(5) Assurance that the processor will provide a performance bond or irrevocable letter of credit to protect the value of donated foods it is expected to maintain in inventory, in accordance with §250.32;

(6) End product data schedules for all end products, with all required information, in accordance with §250.33(a);

(7) Assurance that the processor will meet processing yields for donated foods, in accordance with §250.33;

(8) Assurance that the processor will compensate the distributing or recipient agency, as appropriate, for any loss of donated foods, in accordance with §250.33(c);

(9) Any applicable labeling requirements;

(10) Assurance that the processor will meet requirements for the substitution of commercially purchased foods for donated foods, including grading requirements, in accordance with §250.34;

(11) Assurance that the processor will not substitute or commingle backhauled donated foods and will provide end products processed from such donated foods only to the recipient agency from which the foods were received, as applicable;

(12) Assurance that the processor will provide for the safe and effective storage of donated foods, meet inspection requirements, and maintain an effective quality control system at its processing facilities;

(13) Assurance that the processor will report donated food inventory activity and maintain inventories within approved levels;

(14) Assurance that the processor will return, transfer, or pay for, donated food inventories remaining upon termination of the agreement, in accordance with §250.35(f);

(15) The specific method(s) of end product sales permitted, in accordance with §250.36;

(16) Assurance that the processor will credit recipient agencies for the value of all donated foods, in accordance with §250.36;

(17) Assurance that the processor will submit performance reports and meet other reporting and recordkeeping requirements, in accordance with §250.37;

(18) Assurance that the processor will obtain independent CPA audits and will correct any deficiencies identified in such audits, in accordance with §250.20;

(19) A statement that the distributing agency, subdistributing agency, or recipient agency, the Comptroller General, the Department of Agriculture, or their duly authorized representatives, may perform on-site reviews of the processor's operation to ensure that all activities relating to donated foods are performed in accordance with the requirements in 7 CFR part 250;

(20) A statement that the agreement may be terminated by either party upon 30 days' written notice;

(21) A statement that the agreement may be terminated immediately if the processor has not complied with its terms and conditions;

(22) A statement that extensions or renewals of the agreement, if applicable, are contingent upon the fulfillment of all agreement provisions; and

(23) A statement requiring the processor to enter into an agreement with any and all distributors delivering processed end products to recipient agencies that ensures adequate data sharing, reporting, and crediting of donated foods, in accordance with §250.30(i).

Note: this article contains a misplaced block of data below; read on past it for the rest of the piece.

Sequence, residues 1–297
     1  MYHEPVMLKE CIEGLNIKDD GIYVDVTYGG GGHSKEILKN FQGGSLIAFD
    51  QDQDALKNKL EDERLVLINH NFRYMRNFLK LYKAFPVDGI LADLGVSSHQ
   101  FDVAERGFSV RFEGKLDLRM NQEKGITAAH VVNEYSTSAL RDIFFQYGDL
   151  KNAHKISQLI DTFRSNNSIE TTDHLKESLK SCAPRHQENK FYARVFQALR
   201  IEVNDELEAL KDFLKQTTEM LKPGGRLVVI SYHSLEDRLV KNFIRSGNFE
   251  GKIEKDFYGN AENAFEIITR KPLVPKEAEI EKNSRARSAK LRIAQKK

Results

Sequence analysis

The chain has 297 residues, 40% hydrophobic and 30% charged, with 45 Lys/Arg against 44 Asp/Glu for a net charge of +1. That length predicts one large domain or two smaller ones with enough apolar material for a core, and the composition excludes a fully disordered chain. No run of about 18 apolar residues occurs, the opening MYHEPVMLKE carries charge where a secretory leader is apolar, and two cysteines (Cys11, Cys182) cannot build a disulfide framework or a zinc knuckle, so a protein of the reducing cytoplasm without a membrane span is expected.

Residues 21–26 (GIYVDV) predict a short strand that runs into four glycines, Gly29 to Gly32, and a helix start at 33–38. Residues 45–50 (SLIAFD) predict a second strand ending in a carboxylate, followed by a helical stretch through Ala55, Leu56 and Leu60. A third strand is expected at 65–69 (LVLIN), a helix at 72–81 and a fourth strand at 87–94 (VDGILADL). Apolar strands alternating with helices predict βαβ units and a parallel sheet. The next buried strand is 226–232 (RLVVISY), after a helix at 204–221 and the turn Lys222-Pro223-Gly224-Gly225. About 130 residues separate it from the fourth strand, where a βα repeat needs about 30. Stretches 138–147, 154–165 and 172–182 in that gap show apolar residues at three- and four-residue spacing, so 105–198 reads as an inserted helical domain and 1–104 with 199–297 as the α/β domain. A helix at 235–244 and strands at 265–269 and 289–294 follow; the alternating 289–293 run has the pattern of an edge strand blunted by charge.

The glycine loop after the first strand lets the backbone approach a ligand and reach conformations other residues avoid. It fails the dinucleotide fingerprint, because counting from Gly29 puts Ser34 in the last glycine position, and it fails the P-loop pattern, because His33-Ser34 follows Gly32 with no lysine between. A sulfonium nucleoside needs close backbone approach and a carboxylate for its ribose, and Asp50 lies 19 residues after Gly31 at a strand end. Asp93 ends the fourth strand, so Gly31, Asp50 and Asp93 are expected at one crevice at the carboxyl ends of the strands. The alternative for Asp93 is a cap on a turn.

(d) Required provisions for Recipient Agency Processing Agreement. The Recipient Agency Processing Agreement must contain the same provisions as an In-State Processing Agreement, to the extent that the distributing agency permits the recipient agency to perform activities normally performed by the distributing agency under an In-State Processing Agreement (e.g., approval of end product data schedules, review of performance reports, or management of the performance bond). However, a list of recipient agencies eligible to receive end products need not be included unless the Recipient Agency Processing Agreement represents more than one (e.g., a cooperative) recipient agency.

(e) Noncompliance with processing requirements. If the processor has not complied with processing requirements, the distributing or recipient agency, as appropriate, may choose to not extend or renew the agreement and may immediately terminate it.

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§250.39   Miscellaneous provisions.

(a) Waiver of processing requirements. The Food and Nutrition Service may waive any of the requirements contained in this part for the purpose of conducting demonstration projects to test program changes designed to improve the processing of donated foods.

(b) Processing activity guidance. Distributing agencies must develop and provide a processing manual or similar procedural material for guidance to contracting agencies, recipient agencies, and processors. Distributing agencies must revise these materials as necessary to reflect policy and regulatory changes. This guidance material must be provided to contracting agencies, recipient agencies, and processors at the time of the approval of the initial agreement by the distributing agency, when there have been regulatory or policy changes which necessitate changes in the guidance materials, and upon request. The manual must include, at a minimum, statements of the distributing agency's policies and procedures regarding:

(1) Contract approval;

(2) Monitoring and review of processing activities;

(3) Recordkeeping and reporting requirements;

(4) Inventory controls; and

(5) Refund applications.

(c) Guidance or information. Guidance or information relating to the processing of donated foods is included on the FNS website or may otherwise be obtained from FNS.